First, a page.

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Decipher the Different Styles of Yoga With This Yoga Dictionary

Yoga-dict-585There are a bunch of different kinds of yogaout there. And while we’ve tried most of them in our yoga workout DVD reviews, we wouldn’t exactly call ourselves experts when it comes to different styles of yoga. So for today’s post, we’ve partnered up with the new healthy green living site Eco18 for the 411 on different yoga styles in this yoga dictionary!

A Yoga Dictionary From Eco18

I get it. When you’re beginning a yoga practice, all of these foreign-sounding words placed in front of level 1, 2, 3 have no meaning. As succinctly as possible, I’m going to give you a little intro to the most popular styles of yoga and my feeling of the kind of yogi they would appeal to.


What is it? Anusara means “Flowing with Grace.” It focuses on flowing movement with attention to alignment, particularly opening the heart. There is a great deal of attention paid to both the physical experience as well as the energetic one. Expect your teachers to intertwine storytelling and mind/body thinking and often a theme expressed throughout the class.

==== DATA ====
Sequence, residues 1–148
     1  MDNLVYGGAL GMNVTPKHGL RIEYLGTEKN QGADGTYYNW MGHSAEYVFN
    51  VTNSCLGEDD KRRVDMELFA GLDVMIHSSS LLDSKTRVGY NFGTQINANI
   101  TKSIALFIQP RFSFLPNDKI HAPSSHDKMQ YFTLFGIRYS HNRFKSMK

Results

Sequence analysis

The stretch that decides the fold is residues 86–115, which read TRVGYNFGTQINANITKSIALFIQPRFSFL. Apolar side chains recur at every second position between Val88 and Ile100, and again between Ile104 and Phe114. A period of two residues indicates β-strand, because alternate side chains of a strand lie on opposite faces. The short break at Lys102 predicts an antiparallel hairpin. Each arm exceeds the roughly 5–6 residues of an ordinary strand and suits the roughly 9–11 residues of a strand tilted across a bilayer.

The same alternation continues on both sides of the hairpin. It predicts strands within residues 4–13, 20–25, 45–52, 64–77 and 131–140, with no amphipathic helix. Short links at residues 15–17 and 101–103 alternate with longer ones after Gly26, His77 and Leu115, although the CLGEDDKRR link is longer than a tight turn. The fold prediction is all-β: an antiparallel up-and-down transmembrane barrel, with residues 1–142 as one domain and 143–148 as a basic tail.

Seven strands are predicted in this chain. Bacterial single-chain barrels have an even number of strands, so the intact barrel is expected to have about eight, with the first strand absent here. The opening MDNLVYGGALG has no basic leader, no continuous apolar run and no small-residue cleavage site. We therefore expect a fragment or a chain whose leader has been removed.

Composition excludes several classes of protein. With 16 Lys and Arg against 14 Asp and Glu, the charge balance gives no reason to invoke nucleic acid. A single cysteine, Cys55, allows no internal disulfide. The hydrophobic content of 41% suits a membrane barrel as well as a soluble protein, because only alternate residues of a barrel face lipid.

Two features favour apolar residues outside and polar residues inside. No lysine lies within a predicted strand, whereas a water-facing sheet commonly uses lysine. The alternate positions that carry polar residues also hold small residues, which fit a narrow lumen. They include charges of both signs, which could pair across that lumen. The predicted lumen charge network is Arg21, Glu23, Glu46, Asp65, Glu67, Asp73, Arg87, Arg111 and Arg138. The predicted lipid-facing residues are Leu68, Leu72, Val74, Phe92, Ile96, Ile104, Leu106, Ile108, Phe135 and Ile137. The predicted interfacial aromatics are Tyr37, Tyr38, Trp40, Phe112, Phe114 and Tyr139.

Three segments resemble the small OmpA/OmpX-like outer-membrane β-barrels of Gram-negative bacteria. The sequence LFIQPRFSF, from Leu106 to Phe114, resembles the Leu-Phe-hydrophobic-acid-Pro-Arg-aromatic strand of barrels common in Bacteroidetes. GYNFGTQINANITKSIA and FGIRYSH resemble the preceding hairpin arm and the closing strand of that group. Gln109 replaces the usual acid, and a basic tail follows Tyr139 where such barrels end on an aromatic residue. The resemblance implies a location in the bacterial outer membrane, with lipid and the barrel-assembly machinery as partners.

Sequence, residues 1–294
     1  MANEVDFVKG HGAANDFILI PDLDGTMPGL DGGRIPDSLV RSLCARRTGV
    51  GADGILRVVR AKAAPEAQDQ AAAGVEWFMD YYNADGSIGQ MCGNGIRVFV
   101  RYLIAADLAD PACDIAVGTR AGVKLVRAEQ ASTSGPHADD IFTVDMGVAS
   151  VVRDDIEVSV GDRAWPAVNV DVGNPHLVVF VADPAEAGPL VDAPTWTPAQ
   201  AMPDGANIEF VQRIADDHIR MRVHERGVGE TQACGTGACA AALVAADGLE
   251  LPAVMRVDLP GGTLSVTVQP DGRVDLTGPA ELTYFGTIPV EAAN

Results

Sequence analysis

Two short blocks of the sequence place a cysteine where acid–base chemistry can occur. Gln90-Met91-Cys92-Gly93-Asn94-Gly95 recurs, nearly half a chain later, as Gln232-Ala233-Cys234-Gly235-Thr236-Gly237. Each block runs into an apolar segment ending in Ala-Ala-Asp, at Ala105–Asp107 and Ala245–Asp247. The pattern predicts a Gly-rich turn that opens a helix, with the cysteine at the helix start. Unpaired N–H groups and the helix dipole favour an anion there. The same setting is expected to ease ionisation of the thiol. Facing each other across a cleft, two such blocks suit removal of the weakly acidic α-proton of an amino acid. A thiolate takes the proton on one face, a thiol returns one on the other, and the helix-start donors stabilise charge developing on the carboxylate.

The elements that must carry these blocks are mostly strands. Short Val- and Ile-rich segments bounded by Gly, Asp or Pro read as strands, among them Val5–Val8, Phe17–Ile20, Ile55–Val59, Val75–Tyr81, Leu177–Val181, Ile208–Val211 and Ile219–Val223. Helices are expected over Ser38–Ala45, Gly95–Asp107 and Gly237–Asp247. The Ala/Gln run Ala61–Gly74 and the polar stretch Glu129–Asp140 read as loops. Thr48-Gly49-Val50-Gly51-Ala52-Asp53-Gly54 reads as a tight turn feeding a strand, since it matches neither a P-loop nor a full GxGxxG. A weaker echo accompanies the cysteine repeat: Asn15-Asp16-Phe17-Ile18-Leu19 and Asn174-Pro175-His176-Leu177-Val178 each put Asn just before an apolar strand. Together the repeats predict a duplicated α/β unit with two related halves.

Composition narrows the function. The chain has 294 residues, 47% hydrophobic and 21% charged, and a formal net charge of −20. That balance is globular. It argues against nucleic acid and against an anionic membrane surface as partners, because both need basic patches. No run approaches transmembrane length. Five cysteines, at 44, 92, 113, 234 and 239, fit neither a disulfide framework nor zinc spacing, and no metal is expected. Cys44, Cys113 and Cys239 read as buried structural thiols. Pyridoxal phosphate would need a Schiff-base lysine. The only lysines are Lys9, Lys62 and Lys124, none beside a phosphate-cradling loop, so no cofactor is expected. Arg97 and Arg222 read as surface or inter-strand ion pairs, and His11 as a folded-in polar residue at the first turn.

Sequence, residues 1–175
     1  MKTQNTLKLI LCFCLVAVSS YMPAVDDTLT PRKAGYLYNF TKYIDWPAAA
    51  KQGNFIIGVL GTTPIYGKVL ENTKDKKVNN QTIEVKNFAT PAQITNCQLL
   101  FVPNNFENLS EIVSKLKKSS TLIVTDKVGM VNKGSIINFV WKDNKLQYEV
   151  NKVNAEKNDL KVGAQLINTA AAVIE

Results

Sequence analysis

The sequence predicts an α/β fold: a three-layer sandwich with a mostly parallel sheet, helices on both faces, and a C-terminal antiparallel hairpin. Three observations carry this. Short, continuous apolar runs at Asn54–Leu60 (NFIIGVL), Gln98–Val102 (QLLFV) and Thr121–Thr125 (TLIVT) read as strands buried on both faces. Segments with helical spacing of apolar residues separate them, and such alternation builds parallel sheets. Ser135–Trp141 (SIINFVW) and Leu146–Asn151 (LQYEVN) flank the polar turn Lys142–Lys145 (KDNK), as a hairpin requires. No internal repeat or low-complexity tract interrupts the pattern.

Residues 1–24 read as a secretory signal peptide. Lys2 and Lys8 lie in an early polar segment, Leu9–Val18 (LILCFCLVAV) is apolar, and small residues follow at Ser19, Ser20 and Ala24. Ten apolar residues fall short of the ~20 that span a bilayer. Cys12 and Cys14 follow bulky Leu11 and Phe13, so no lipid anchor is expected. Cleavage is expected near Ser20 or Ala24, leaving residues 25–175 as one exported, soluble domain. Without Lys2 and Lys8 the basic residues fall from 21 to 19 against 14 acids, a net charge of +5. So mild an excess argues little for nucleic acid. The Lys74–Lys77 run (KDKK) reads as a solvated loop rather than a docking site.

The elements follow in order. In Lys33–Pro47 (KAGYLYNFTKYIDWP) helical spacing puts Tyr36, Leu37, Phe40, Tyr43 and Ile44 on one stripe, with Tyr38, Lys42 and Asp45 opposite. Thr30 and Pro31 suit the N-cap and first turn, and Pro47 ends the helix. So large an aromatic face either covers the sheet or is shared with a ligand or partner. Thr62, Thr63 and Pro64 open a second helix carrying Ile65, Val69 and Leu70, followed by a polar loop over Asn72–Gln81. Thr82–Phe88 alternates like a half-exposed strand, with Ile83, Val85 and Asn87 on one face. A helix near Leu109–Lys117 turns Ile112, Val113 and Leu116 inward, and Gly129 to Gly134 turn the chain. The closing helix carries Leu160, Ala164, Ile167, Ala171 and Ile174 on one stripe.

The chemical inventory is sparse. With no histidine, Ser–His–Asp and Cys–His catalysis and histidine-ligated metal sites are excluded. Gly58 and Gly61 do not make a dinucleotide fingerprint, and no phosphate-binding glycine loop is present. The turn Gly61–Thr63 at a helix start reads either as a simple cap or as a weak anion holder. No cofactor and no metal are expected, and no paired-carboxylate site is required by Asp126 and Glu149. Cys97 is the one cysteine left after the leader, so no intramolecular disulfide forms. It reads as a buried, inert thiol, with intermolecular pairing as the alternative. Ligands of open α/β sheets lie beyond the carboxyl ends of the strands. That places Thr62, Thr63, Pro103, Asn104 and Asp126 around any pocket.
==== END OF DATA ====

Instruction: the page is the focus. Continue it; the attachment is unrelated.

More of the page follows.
Who’s it for? For people who enjoy not only understanding the precise way to set up a pose but who also really want something meaningful out of their class—“Why am I here?” and “What is the meaning of it?” All kinds of people will enjoy Anusara’s unique blend of spirit and movement.

Well-known teachers: John Friend, Elena Brower, Desiree Rumbaugh


What is it? Ashtanga is considered very athletic and challenging. Traditionally, students are taught a series of movements and then practice them at their own pace while an instructor walks the room and gives each person suggestions and adjustments. The principle behind this style is to move without interruption so that you can ultimately be unattached to whatever experience arises. This hopefully spills over into life off the yoga mat as well.

Who’s it for? Since Ashtanga is known to be more challenging, try it if you’re athletic and interested in developing a more intense practice.

Well-known teachers: K. Pattahbi Jois and his grandson R. Sharath

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